Since pallets must be designed for each specific size and type of printed circuit board to be manufactured and since the pallets are reused numerous times, an apparatus for positioning and holding the printed circuit board that is simple, reliable, easy to manufacture and inexpensive is needed.
One example of the present methods of holding the printed circuit board in position during the solder stenciling process are pallets made by Precision International, Ltd. Precision International, Ltd. makes pallets in which a cavity is cut for holding a spring. A lid is placed over the spring and screwed shut so that the spring is contained inside the pallet and the top surface of the pallet is flat. The spring then applies pressure to the printed circuit board. This device, while effective, requires extra steps in the manufacturing process and extra handling for assembly. A need exists for an apparatus for holding the printed circuit board in place without the additional parts and the additional manufacturing steps entailed in the Precision International, Ltd. pallet.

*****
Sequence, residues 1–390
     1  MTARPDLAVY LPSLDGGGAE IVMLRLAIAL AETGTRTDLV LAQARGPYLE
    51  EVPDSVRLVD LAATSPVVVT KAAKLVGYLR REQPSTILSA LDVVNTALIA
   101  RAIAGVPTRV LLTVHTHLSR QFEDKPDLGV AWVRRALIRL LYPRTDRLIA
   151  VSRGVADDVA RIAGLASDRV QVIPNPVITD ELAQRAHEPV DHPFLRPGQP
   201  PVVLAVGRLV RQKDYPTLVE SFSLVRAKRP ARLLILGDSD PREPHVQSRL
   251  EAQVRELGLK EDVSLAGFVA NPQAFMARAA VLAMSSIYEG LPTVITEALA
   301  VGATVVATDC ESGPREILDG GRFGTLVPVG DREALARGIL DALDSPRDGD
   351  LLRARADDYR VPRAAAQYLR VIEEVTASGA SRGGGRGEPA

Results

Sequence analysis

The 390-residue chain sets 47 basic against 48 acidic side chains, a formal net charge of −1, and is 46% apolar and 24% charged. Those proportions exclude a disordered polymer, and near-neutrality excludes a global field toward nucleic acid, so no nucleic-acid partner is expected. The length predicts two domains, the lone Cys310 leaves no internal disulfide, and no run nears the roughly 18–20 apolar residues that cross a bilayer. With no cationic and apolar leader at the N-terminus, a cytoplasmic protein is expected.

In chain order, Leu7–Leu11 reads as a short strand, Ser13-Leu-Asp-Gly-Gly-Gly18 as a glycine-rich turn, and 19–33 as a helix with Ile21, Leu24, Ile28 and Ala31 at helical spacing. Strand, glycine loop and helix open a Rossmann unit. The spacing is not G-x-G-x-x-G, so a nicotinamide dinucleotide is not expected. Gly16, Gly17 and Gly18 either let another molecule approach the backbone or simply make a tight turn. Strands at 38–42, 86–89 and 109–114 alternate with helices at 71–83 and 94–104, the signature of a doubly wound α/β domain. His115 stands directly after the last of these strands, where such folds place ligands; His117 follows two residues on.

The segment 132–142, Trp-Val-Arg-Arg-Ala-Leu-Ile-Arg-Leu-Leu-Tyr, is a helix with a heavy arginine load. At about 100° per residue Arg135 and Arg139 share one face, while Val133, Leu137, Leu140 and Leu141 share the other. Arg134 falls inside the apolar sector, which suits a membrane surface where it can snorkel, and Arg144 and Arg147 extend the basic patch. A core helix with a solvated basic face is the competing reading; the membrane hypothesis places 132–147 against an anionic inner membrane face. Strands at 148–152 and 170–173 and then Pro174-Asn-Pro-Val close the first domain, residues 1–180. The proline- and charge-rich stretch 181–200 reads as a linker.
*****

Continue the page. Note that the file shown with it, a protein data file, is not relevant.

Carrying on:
U.S. Pat. No. 3,738,639 discloses a coiled spring attached to a base which holds the substrate against a fixed stop. The coiled spring does not meet the need for a pallet without additional parts and assembly steps.
U.S. Pat. No. 4,201,374 discloses a substrate carrier with spring arms for positioning the substrate with the hooked ends of the spring arms. The spring arms are engaged to an external actuating means for retracting and inserting the arms. Like the coiled spring discussed above, the apparatus, if applied to a reflow pallet, does not meet the need for a reflow pallet without additional parts and assembly steps.